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Oh, come on. Was there any doubt? Even before Iron Man was released, Robert Downey, Jr. had nearly completed a comeback (with stellar performances in Zodiac, Kiss Kiss Bang Bang and Good Night and Good Luck) that put that Travoltian comeback to shame. And yet, before Iron Man, RDJ’s main storyline was still the five-year hole in his career attributed to drug dependence. Now? Hardly anyone brings it up. Indeed, here’s a guy who began in the 1980s on the fringe of the Brat Pack and now he’s the most popular member of the group.

Downey began the year with a meaty, supporting turn as an alcoholic principal in the overlooked and under-appreciated coming-of-age teen dramedy, Charlie Bartlett. But then, in May, he blew the doors off the place, starring at the title character in Iron Man, a movie I called “the perfect storm of badassary, debilitating wit, tester-octane explosives, and tongue-in-cheek gnarliness. And Robert Downey, Jr. was in the eye of it, motherfuckers.”

Has there ever been an actor who blends together narcissism and self-deprecation as well as Downey? And, as modern superheroes go, it’s nearabouts impossible to imagine a better actor to don a costume — he’s got Batman’s brooding good looks, Hellboy’s smartass attitude, the brains of Bourne and the cool of Wolverine. And, come on: He could squash emo Spidey beneath his iron foot. (Best of all, Iron Man has no need for tights or capes, thank you very much). Granted, a superhero movie that could contain Robert Downey, Jr. does not exist, and — given the limitations of big-budget action flicks — I doubt any script could match his talents. But Iron Man is a pretty goddamn decent vehicle for displaying a fraction of them. To wit: Downey owns Iron Man and, for once, this superhero movie is not about a man with a suit, but the man behind the suit.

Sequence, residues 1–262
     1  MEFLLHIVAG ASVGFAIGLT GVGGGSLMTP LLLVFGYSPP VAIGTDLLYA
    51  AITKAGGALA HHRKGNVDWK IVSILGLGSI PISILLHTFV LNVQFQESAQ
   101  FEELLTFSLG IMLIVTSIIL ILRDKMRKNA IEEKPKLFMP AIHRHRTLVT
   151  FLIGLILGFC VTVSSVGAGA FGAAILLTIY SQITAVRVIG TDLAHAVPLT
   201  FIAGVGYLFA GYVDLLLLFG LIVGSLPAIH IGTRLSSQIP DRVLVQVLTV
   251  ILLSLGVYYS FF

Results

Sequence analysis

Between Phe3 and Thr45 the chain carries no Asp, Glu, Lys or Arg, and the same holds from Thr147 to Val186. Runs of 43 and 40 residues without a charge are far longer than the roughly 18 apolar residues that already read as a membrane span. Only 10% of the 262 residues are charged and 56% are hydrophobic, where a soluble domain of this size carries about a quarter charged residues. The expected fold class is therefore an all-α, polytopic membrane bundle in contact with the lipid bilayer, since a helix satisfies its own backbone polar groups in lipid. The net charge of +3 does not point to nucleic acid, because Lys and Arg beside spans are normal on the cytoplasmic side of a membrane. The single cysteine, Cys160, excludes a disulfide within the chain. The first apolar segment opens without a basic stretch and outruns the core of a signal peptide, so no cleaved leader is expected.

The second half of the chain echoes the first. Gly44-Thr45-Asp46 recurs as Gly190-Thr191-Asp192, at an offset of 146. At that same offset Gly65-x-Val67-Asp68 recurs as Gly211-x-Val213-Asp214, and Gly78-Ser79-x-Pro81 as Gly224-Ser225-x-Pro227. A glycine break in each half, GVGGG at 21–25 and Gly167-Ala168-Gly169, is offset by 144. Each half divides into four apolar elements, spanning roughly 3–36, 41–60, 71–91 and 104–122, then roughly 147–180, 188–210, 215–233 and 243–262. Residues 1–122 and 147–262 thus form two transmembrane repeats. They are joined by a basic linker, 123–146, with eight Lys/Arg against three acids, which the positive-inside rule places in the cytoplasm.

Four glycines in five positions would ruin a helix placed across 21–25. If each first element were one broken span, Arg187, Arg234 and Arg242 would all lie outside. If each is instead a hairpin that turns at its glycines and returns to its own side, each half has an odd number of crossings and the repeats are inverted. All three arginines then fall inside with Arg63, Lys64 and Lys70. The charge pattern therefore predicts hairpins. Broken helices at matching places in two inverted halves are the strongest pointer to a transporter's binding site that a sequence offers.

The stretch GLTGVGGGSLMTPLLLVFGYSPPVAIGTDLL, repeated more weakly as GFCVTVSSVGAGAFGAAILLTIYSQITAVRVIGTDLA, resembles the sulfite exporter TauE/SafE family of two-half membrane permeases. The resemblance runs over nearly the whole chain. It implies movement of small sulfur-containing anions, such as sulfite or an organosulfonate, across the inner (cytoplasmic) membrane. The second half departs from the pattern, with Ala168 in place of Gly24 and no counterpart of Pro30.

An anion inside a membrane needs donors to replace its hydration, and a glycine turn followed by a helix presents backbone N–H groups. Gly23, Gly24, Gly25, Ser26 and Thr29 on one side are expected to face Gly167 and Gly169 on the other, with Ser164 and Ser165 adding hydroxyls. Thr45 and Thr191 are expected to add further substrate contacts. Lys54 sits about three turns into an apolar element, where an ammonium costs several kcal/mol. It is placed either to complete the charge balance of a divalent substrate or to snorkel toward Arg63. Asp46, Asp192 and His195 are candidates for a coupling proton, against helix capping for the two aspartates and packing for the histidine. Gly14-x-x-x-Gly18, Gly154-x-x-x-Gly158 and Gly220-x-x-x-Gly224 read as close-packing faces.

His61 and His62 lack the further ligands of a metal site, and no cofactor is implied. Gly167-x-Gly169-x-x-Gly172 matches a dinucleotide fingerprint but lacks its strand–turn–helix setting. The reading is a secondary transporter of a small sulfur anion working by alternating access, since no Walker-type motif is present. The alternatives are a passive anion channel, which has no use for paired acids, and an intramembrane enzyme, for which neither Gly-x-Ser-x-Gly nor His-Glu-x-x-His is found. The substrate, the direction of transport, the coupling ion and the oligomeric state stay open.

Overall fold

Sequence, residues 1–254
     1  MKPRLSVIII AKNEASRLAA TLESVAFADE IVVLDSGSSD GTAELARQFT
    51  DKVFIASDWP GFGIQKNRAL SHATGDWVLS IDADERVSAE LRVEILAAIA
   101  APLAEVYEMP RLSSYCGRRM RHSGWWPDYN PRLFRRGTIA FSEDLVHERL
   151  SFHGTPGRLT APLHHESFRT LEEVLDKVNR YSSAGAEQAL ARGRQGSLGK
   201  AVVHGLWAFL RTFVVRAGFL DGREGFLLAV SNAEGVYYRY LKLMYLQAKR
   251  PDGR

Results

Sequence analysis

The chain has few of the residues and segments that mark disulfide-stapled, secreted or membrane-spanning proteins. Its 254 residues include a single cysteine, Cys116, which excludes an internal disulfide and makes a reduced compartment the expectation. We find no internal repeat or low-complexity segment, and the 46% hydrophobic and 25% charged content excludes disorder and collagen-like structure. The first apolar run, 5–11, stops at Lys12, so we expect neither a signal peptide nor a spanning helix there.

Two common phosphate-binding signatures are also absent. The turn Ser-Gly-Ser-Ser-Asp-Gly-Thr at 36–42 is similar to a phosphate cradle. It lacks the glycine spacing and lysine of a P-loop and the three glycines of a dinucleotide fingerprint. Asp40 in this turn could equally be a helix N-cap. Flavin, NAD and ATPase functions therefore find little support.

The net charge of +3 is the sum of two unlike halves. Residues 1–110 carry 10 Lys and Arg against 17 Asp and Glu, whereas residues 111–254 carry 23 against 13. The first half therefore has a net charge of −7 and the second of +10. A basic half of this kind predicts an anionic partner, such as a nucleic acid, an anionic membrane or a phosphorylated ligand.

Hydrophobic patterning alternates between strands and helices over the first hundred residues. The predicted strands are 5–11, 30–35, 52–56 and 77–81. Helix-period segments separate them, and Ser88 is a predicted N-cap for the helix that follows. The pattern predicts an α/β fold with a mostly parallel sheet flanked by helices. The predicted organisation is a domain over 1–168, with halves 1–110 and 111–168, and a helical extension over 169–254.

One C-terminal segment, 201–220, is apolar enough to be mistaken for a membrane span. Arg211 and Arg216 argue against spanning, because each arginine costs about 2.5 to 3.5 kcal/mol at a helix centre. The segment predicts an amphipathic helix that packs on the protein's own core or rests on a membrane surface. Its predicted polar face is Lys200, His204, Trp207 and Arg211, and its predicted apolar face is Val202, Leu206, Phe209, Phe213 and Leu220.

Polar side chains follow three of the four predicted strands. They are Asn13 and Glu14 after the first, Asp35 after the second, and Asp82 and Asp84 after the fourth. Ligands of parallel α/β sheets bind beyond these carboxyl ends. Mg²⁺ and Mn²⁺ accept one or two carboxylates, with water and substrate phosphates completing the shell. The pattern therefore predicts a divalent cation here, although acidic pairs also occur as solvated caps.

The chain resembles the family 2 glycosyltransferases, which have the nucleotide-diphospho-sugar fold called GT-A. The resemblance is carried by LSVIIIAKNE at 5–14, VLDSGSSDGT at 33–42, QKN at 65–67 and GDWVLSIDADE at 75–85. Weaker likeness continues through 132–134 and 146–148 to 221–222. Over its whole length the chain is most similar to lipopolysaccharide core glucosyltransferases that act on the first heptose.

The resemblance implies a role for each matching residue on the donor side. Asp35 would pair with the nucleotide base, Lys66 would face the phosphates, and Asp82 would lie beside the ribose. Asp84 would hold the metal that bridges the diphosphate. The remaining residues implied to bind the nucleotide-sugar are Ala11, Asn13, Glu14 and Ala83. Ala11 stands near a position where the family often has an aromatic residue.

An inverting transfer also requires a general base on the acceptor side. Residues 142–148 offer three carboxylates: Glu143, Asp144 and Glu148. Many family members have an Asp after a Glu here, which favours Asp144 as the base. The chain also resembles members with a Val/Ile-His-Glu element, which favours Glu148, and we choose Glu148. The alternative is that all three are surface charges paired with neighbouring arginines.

Thanks to Downey, the Boozehound even contended that Iron Man as a better movie than The Dark Knight, a position I disagree upon, though I do agree with this sentiment:

RDJ blows Bale off the fucking screen. Robert Downey Jr. is to acting as a Stradivarius is to music. His face and body are instruments upon which a good story becomes a great story, upon which a wiseacre one-liner becomes a comment on the overlay of humor over tragedy. At this point in his career, with his physical presence a combination of grizzled and chiseled, he also brings a weathered gravity to even the most frivolous of situations.

But if Charlie Bartlett and Iron Man were all that RDJ had brought to the table in 2008 (not to mention, third place in our Most Bangable Celebrities of 2008), he’d probably fall in line behind Heath Ledger in our Person of the Year. But RDJ followed up his remarkable performance in Iron Man with, perhaps, the best comedic performance of the year, starring as “a dude playing a dude disguised as another dude.” As I wrote in my review:

Robert Downey, Jr. steals just about every second within every minute of every scene he is in. Even when he’s given mediocre material to work with, he transcends it while firmly maintaining a supporting role, so the shtick blessedly doesn’t get old and, assuming there’s not an unnecessary sequel, you can find comfort in the knowledge that Downey has created one of the great characters in comedic history (and there is no one, I’d argue, that could’ve come close to pulling it off as well as Downey — anybody else and it would’ve been laughable, over-the-top, and offensive, instead of silly, ridiculous and, in its implicit commentary on the hubris of white America and the egotism of actors, pretty insightful too).

I don’t remember a year when an actor turned in two performances that brilliant and yet so different from one another. And though he’s likely not going to earn any Oscar gold for either performance, in 2008 Robert Downey, Jr. became more than just an incredible actor with a troubled past, he became a motherfucking box-office force. And after a 25-year career, he’s finally where he belongs: A leading man in Hollywood’s best movies.

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Guides | December 23, 2008 | Comments ()